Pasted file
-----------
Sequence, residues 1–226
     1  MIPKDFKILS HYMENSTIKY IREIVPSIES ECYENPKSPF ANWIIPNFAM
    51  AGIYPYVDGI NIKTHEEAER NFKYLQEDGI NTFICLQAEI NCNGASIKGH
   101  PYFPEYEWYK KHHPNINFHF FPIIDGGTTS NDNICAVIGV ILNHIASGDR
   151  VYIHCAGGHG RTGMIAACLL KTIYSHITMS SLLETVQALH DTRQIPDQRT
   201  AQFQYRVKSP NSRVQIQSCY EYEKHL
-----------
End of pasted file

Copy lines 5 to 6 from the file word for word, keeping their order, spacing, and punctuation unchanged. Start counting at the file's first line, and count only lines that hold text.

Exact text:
   151  VYIHCAGGHG RTGMIAACLL KTIYSHITMS SLLETVQALH DTRQIPDQRT
   201  AQFQYRVKSP NSRVQIQSCY EYEKHL